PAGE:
There have been a couple of conversations in the past two weeks or so where I didn’t say what I wanted to say.
The other day, a co-worker asked me “Do you know what day care for an infant costs?”
He and his wife are both computer professionals, been married for a couple of years, and are expecting their first child in about six weeks. He explained that his wife had found a “really great day care” for their soon to be born son, but she had neglected to ask about the price.
What I should have said:
Day care will cost you the peace of your home. After you both get back from a long day at work, neither of you will have the energy to cook, clean, and take care of your baby. Babies take a lot of work, even after the _generous_ six week maternity leave expires. Some kids don’t sleep through the night for quite a while, although some people have success with Gary Ezzo‘s How To Alienate and Physically and Emotionally Starve Your Child God’s Way. (OK, OK, it’s really “Growing Kids God’s Way”, but my title is more accurate I think. And the link goes to an anti-Ezzo web site.) One of you is going to have to take care of that crying baby at 3 am, and you won’t have the option of sleeping in a little the next morning or taking a nap in the afternoon. You’ll both be off at work. And you won’t have the energy and patience you need.
Day care will cost you in terms of you relationship with your son. Relationships are built through time together, and in no other way. There’s a reason that babies love their mommies, and it isn’t because she picks him up from day care every day, or spends some quality time with him when she doesn’t have to go to work. That relationship is built between a mommy and a baby because she holds him, nurses him, changes his diapers, plays with him, and rocks him to sleep. His world is very tiny. He needs food, to be cuddled and played with, and to be clean. Mommy is supposed to fill his world those first few years, and she can’t do that in a cubicle. Nursing pretty much fixes a baby’s whole world. He’s warm, fed, and held. Other than a dirty diaper, there’s not much else besides illness that can go wrong in his world. The relationship between a mother and her baby is a truly awesome thing, and it cannot develop when the majority of their waking hours are spent apart. Your son will bond with a stranger who you pay to care for him. Or maybe he will bond with no one at all.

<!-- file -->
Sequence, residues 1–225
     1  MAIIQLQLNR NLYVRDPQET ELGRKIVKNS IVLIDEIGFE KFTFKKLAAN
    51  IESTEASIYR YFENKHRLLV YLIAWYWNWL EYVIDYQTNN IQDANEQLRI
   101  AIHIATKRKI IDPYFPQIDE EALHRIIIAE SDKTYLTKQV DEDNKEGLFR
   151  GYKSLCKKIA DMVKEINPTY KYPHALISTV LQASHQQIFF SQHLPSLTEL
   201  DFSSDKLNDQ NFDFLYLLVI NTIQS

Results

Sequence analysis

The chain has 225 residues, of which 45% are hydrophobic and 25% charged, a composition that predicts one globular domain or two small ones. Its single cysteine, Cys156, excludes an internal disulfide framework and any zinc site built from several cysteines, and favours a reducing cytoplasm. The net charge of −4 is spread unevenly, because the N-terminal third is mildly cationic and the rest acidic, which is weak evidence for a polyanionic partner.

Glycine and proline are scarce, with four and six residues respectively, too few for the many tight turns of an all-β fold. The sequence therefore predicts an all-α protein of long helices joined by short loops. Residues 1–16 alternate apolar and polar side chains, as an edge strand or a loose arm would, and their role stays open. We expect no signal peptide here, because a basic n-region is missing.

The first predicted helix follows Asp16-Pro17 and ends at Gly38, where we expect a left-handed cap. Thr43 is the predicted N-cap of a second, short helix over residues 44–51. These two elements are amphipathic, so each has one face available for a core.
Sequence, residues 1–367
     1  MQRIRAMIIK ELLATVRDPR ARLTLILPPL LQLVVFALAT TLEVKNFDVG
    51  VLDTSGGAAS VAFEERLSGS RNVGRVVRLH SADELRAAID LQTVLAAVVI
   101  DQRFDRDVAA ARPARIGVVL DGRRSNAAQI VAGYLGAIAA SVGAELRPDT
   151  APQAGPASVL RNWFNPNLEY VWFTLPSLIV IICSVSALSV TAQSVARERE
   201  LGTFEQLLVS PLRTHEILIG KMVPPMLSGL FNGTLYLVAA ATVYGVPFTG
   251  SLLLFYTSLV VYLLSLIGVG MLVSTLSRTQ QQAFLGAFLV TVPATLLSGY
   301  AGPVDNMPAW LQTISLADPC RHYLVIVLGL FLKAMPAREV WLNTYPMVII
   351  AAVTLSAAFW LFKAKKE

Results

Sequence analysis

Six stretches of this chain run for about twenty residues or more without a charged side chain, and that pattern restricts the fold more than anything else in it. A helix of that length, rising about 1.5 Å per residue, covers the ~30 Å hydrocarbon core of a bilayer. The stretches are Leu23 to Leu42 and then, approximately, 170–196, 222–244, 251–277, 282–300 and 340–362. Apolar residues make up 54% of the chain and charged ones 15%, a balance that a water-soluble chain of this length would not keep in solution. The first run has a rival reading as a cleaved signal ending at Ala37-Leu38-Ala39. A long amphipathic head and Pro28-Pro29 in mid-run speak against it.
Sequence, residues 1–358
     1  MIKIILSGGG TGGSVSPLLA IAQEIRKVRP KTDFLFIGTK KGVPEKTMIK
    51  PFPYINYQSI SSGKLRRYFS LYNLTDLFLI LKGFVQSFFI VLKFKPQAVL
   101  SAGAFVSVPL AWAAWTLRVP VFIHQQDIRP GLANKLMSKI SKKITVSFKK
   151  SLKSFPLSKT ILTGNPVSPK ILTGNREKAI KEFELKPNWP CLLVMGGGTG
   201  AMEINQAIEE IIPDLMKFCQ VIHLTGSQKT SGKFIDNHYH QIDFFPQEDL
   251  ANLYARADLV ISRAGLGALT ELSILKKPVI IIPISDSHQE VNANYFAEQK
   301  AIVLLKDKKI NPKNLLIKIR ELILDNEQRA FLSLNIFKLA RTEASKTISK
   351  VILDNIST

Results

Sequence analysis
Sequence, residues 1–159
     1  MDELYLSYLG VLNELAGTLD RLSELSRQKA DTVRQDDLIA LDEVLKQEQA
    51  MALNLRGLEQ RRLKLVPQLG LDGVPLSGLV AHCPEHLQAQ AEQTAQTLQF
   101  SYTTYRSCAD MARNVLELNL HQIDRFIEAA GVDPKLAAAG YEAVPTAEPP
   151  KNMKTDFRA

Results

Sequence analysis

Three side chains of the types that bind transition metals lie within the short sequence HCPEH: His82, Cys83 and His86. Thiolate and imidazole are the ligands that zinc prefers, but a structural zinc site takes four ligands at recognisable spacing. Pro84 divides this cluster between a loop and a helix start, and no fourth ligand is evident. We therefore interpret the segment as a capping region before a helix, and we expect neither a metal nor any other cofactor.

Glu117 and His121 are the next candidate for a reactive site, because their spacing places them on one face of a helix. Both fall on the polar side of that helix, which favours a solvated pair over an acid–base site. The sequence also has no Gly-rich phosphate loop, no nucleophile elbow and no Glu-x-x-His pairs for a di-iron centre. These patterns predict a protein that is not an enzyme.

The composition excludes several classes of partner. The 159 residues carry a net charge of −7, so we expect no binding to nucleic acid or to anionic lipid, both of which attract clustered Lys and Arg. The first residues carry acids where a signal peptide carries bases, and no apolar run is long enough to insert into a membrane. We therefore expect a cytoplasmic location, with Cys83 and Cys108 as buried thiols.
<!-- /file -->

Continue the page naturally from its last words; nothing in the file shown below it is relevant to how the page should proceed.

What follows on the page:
Day care will cost your wife her femininity. A mother’s sphere is home and hearth. That’s how God designed her, biologically and emotionally. Women are the fairer, gentler, more tender sex. That roof and those walls are there to shelter her from more than just the elements. They provide a calm, safe, orderly place, almost entirely under her control, where she can make a home. When she is pried from there and thrust into the world, she cannot function as she is designed to. See Proverbs 31, 1 Timothy 5:9-10, 14, Titus 2:3-5, and 1 Peter 3:1-7.
Day care will cost you your masculinity. You were designed to subdue the earth, and lead your family, with your wife as your helper. If you have to hire another woman to care for your kids, because you are _unwilling_ to provide for your family and protect your wife from the rigors of the workplace (or to make the lifestyle changes necessary so you’re _able_ to), there’s just not a whole lot left in my book. Being the head of your family is functional as well as positional.
All that, and about a hundred dollars per week. That’s right, caring for children is rewarded at the rate of twenty bucks a day. It costs more than that to have someone mow your grass. The two of you can’t eat a meal at a decent restaurant for $20, but you can have the burden of childcare taken care of.
That’s what I should have said. But all I did was hunt on the internet for a minute and tell him “about a hundred bucks a week”. He thought that was pretty reasonable. I wonder, if I’d told him the rest of what it cost, would he think it was so reasonable?
[Next will be what I wanted to say when someone was talking about sending their kids off to school. BTW, comments are disabled for this post, on purpose, because I don’t want to get into it. If this man’s situation is not your situation, then remember that this is what I wanted to tell _him_. Maybe I would tell you something different. Or maybe not.]